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Despite Trump’s claims, “collusion” is a crime — it just goes by another name
President Donald Trump speaks to the media before departing on Marine One to travel to New York. Mark Wilson/Getty Images

As they seek to discredit special counsel Robert Mueller’s investigation into Russian interference in the 2016 election, President Donald Trump and his defenders have for months been claiming that collusion is not a crime. However, there’s a major problem with their argument: Collusion is, in fact, a crime, according to legal experts. It just goes by another name — conspiracy.

“To collude means to conspire, and it is absolutely illegal to conspire to commit a crime against the United States. Period,” Jennifer Taub, a professor at Vermont Law School, said in a phone interview.

Trump has tweeted about collusion dozens of times since the probe into his campaign’s potential communication with Russia began, saying repeatedly that there was “no collusion.” Recently, Trump and his legal team have modified that message, saying that “collusion is not a crime.”

“I don’t even know if that’s a crime, colluding about Russians,” Trump personal lawyer Rudy Giuliani said July 30 on CNN. “You start analyzing the crime — the hacking is the crime. ... The president didn’t hack.”

The next day, Trump tweeted out that same message. “Collusion is not a crime, but that doesn’t matter because there was No Collusion (except by Crooked Hillary and the Democrats)!” Trump tweeted on July 31.

Now, Trump is reiterating that message again, tweeting on Monday that Mueller’s investigators “made up a phony crime called Collusion, and when there was no Collusion they say there was Obstruction (of a phony crime that never existed).”

Yet according to legal experts, that’s splitting hairs, given that there are many colloquial words like “collusion” that don’t appear in the federal code but most certainly are crimes. Take for example lying to federal agents.

Multiple people in Trump’s orbit have already pleaded guilty in Mueller’s probe to lying to federal agents. However, the word “lie” doesn’t appear in the statute that led to the guilty plea. Instead, it’s defined as making false statements.

According to the statute:

Whoever, in any matter within the jurisdiction of the executive, legislative, or judicial branch of the Government of the United States, knowingly and willfully—

(1) falsifies, conceals, or covers up by any trick, scheme, or device a material fact;

(2) makes any materially false, fictitious, or fraudulent statement or representation; or

(3) makes or uses any false writing or document knowing the same to contain any materially false, fictitious, or fraudulent statement or entry;

shall be fined under this title, imprisoned not more than 5 years or, if the offense involves international or domestic terrorism (as defined in section 2331), imprisoned not more than 8 years.

“People have pleaded guilty and served jail time for lying to the FBI, even though the word ‘lying’ is not in the statute,” Taub said. “It’s a different word, and the word is making a false statement, but that means a lie.”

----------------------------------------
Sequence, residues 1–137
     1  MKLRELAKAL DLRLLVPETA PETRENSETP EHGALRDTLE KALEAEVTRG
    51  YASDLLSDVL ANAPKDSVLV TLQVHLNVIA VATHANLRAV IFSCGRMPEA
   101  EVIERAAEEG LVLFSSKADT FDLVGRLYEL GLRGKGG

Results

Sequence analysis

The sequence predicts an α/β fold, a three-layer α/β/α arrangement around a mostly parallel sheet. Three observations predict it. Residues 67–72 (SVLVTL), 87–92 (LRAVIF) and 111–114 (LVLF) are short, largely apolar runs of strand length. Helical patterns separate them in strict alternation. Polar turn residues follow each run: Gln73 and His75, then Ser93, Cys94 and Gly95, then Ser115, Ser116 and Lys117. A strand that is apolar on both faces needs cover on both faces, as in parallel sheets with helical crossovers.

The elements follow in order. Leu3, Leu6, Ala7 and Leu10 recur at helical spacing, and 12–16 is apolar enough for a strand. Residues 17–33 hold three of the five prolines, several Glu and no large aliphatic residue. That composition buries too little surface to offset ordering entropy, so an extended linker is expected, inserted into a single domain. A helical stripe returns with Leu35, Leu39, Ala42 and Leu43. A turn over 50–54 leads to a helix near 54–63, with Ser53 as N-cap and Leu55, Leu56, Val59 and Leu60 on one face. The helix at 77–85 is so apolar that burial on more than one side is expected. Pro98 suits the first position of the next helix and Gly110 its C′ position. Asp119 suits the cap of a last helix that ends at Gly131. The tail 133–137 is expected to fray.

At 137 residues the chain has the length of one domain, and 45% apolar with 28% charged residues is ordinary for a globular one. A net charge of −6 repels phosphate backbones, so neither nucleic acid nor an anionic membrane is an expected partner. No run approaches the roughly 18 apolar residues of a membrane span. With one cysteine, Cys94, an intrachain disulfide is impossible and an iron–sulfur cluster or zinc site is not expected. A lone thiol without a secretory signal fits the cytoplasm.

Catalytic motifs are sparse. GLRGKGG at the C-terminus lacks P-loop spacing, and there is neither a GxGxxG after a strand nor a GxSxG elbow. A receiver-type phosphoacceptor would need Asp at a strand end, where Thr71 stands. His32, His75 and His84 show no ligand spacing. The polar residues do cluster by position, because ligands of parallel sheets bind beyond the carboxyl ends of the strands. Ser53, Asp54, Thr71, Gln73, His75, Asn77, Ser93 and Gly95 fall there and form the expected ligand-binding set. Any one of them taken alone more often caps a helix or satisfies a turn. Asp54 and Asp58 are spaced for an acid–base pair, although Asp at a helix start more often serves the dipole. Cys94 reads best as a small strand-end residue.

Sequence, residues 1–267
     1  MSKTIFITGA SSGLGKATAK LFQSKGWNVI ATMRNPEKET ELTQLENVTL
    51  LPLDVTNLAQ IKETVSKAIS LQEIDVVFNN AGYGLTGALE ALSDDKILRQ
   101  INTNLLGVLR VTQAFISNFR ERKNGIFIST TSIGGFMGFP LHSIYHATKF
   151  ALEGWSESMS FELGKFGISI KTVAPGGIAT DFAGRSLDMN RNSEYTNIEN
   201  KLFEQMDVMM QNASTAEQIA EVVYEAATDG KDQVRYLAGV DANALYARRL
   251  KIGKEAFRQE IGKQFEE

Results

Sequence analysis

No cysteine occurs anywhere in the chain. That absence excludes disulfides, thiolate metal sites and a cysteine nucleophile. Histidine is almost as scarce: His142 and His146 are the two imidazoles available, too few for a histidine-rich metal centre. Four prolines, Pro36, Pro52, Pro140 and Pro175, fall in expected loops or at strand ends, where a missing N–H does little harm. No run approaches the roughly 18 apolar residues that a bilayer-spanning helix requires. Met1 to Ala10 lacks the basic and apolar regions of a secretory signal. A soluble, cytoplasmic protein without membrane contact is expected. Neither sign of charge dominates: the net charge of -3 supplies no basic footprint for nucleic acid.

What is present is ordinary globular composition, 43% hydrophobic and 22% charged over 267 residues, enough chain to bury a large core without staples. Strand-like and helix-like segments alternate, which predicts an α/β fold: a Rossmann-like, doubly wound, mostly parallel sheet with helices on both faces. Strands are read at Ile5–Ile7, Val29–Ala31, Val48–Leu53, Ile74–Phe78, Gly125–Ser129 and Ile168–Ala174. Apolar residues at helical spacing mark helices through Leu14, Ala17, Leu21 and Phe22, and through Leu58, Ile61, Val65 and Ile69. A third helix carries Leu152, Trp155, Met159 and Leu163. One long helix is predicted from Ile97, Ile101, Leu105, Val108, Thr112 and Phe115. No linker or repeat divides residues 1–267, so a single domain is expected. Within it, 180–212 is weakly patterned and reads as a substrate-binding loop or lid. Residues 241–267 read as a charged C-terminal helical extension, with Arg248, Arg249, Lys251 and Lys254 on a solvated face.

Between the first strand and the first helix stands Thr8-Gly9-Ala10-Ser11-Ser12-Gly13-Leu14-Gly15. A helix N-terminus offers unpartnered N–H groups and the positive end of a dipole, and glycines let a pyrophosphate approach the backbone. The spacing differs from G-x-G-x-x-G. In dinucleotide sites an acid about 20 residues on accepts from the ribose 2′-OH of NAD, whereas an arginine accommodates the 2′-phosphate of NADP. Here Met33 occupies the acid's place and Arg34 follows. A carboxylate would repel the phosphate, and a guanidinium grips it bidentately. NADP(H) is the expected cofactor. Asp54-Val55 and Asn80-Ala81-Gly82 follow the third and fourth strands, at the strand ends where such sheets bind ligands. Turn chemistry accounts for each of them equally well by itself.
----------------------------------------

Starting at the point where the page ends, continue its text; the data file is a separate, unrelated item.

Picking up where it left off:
Taub said it’s similar with collusion and conspiracy, which means two or more people agree — or collude — to commit a crime, with one person taking material action to commit that crime.

The federal code describes conspiracy as follows:

If two or more persons conspire either to commit any offense against the United States, or to defraud the United States, or any agency thereof in any manner or for any purpose, and one or more of such persons do any act to effect the object of the conspiracy, each shall be fined under this title or imprisoned not more than five years, or both.

“Collude is shorthand for the word conspire,” Taub added.

Mueller has charged multiple people in his probe with conspiracy against the United States, including former Trump campaign chairman Paul Manafort and former Trump campaign aide Rick Gates – who pleaded guilty to one count of conspiracy against the United States and another count of making a false statement to Mueller’s investigators.

Mueller also filed new charges in June against Manafort and Konstantin Kilimnik, a Russian-Ukrainian political consultant who has suspected ties to Russian intelligence, that included conspiracy to obstruct justice and conspiracy to launder money.

“’Collusion’ is not a legal term. But conspiracy is, and that is what Mueller charged,” former federal prosecutor Renato Mariotti tweeted in June after that indictment.

Mueller has yet to release any evidence or reports that say Trump himself conspired — aka colluded — with Russians in any illegal activity related to the 2016 presidential election. But that doesn’t mean Trump — or anyone on his campaign — has been exonerated.

In fact, there are questions about whether the meeting his son, Donald Trump Jr., had with a Kremlin-connected lawyer in Trump Tower in June 2016 in which he was offered “dirt” on Hillary Clinton amounts to conspiracy.

Foreign nationals are barred from giving money or any “other thing of value” to an American political campaign or candidate. And therefore it’s an open question whether the “dirt” the Kremlin-connected lawyer was offering to the Trump campaign amounts to a “thing of value” — and whether that means some members of the Trump campaign and Trump’s innermost circle conspired to violate campaign finance law.